Jeff Jacoby’s column has been published on the op-ed page of the Boston Globe since 1994, when he was hired as a counterweight to the paper’s liberal columnists[citation needed]. From 1987 to 1994, he was chief editorial writer for the Boston Herald. Within months of his debut at the Globe, he was described by the left-leaning Boston Phoenix as “the region’s pre-eminent spokesman for Conservative Nation,
    In 1999, he became the first recipient of the Breindel Prize, a $10,000 award (since increased to $20,000) for excellence in opinion journalism awarded by Rupert Murdoch’s News Corporation.

    Ah….gee…..Rupert Murdoch likes him. And….he was suspended for being a “recycler” of other people’s words (his employer refused to call his plagiarism for what it was)


  46. aislander says:

    Very interesting, bB. So, where’s he wrong?

  47. Thank the Community Reinvestment Act and the Democratically lead congress of 1977-1979 for the bad loans and current financial crisis.

    Community Reinvestment Act (from http://financial-dictionary.thefreedictionary.com/Community+Reinvestment+Act)
    A 1977 U.S. law encouraging banks and other lending agencies to extend credit to low and moderate income persons wishing to buy a home. The original contained no penalties, but prohibited lending institutions from discriminating against a potential homeowner based on where he/she lives. Regulatory changes in 1995 and legislative amendment in 1999 are often blamed for encouraging banks to make excessively risky loans in exchange for the ability to offer investment and insurance services. Because of this, some believe the CRA is responsible for the housing bubble that contributed to the recession that began in 2008. See also: Credit Crunch, Gramm-Leach-Bliley Act

  48. To start aislander……by totally ignoring the re-packaging and reselling of subprime loans on multiple occasions so that the risk was exponentially increased to the point that it represented an upside down pyramid. Or ignoring the Reagan-era legalization of sub-prime loans. Or the “investment” in financial products that were essentially wagers on whether these derivatives created out of sub-prime loans would go south..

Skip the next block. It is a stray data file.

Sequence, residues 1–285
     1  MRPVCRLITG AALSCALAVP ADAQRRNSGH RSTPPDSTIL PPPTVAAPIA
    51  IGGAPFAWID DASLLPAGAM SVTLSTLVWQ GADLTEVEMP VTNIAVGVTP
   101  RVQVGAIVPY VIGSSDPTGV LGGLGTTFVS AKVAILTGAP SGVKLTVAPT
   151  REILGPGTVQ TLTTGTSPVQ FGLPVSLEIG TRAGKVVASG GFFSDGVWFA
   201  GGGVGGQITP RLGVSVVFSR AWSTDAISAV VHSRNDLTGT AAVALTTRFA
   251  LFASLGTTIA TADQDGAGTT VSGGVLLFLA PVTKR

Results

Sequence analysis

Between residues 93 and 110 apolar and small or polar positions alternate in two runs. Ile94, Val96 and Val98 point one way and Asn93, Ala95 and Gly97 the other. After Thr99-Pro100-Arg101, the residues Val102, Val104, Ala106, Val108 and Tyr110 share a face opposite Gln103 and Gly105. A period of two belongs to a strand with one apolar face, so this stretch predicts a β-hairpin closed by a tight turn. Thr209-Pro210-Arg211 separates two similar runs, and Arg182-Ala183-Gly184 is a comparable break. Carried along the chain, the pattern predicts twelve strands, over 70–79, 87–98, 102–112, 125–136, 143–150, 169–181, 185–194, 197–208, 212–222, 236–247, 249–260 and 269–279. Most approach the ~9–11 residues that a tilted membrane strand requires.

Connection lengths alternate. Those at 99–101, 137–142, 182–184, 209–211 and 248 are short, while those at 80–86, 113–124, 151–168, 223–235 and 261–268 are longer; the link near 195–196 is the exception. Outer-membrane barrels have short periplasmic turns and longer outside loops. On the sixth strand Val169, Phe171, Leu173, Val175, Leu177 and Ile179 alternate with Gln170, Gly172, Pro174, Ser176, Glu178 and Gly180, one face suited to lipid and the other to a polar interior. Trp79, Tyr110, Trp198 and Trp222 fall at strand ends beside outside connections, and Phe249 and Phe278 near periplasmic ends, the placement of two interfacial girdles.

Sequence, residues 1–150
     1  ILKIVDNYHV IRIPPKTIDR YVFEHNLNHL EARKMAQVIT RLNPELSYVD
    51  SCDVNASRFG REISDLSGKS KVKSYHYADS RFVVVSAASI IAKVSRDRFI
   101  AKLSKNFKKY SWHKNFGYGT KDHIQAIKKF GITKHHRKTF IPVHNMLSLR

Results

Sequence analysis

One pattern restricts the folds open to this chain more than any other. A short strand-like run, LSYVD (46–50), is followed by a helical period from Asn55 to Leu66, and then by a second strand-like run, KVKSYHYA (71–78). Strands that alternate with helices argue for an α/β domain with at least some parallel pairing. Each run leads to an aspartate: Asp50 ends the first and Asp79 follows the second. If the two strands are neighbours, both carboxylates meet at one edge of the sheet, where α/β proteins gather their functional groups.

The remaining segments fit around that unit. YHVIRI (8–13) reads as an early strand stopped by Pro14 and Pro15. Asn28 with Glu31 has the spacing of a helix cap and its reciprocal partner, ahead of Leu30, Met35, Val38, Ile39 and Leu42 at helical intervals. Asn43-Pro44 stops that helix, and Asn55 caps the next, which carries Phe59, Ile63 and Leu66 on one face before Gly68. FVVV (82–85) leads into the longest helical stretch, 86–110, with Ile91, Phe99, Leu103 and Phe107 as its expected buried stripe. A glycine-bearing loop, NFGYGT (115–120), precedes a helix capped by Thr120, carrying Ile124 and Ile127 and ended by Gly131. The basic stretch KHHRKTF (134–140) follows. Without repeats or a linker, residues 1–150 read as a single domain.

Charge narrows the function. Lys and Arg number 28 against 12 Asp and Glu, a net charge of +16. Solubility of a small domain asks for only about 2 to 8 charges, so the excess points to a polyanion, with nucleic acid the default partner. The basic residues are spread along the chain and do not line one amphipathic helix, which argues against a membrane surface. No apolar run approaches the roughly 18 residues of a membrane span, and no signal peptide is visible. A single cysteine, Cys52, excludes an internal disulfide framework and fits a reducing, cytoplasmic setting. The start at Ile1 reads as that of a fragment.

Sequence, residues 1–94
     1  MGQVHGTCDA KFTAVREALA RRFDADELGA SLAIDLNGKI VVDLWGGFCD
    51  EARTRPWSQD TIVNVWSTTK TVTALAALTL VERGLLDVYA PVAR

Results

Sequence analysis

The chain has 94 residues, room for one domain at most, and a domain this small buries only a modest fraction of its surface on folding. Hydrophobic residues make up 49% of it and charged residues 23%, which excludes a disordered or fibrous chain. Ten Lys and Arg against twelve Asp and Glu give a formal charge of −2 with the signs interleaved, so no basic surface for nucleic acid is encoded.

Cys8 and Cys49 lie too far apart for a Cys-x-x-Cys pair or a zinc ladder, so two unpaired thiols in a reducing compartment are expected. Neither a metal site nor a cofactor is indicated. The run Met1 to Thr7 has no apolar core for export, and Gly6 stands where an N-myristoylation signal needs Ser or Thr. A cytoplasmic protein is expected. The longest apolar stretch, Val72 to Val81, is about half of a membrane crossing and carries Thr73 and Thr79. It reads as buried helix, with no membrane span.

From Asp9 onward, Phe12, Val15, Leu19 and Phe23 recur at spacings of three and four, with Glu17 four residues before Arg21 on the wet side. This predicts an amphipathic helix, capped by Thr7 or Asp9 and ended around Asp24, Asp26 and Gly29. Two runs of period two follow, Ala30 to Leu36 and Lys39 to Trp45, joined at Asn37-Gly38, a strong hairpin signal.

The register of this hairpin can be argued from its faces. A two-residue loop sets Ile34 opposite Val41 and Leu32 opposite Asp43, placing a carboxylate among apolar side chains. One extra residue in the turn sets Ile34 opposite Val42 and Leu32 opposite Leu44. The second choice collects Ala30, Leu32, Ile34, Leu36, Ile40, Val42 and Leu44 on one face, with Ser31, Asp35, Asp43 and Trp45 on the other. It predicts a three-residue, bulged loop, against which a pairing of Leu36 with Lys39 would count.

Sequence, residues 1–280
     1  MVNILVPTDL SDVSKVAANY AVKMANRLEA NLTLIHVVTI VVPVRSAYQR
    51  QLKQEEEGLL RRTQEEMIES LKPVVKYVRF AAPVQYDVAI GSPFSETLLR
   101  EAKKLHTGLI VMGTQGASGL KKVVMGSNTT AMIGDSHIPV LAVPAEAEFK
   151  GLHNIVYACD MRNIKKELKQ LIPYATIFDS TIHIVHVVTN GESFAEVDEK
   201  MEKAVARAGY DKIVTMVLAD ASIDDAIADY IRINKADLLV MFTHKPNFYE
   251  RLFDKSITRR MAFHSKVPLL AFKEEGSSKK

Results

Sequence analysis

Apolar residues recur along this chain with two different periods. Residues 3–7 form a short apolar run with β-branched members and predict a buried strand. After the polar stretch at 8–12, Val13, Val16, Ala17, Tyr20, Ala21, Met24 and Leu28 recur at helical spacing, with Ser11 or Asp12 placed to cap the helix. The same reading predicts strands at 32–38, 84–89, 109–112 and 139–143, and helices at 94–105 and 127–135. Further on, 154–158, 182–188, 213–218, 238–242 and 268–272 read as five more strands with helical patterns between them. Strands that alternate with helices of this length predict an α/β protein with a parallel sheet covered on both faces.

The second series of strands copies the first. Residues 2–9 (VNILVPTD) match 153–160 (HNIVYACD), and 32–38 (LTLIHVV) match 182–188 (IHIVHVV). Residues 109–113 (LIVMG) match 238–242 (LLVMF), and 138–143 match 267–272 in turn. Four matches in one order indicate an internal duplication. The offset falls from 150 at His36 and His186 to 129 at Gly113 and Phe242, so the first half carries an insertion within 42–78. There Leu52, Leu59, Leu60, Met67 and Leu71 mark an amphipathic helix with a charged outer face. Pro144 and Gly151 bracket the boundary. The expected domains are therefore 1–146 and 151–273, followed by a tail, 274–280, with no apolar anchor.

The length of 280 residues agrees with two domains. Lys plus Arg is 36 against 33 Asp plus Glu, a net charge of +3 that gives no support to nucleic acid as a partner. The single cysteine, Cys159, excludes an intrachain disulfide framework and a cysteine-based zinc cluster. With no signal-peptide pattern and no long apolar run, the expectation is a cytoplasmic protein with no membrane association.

Where he went wrong – as I tried to point out to you by noting that I could cite biased articles from the other side – was in writing a poltically motivated polemic rather than a fully nuanced analysis.

  49. I thought we were discussing people losing their homes to foreclosure and whose fault it is. Are we also concerned with people who lost their money in the markets because of the whole debacle? (I am, but I mean are we concerned within this particular discussion?)

  50. aislander says:

    So, beerBoy, Fannie and Freddie DIDN’T act as guaranteed buyers for that bad paper and derivatives thereof? Careful, now…

  51. aislander – please cite where Freddie and Fannie bought derivatives.

  52. And……while we are at it……please explain how the FED (not a government agency) had nothing to do with the manipulation of interest rates and therefore has no blame in this.

  53. And……explain why the widespread fraud with MERS and fake courts employed by the Banks in order to foreclose upon properties they cannot demonstrate legal title to should be supported.

  54. aislander says:

    They provided a market for bad paper (mortgages), and doing so supported the market for derivatives of that bad paper. I don’t believe they bought the derivatives directly, but they really didn’t have to…

  55. And therefore the banks are………..?

  56. aislander says:

    The Fed IS a quasi-governmental agency. Which office appointed Bernanke again?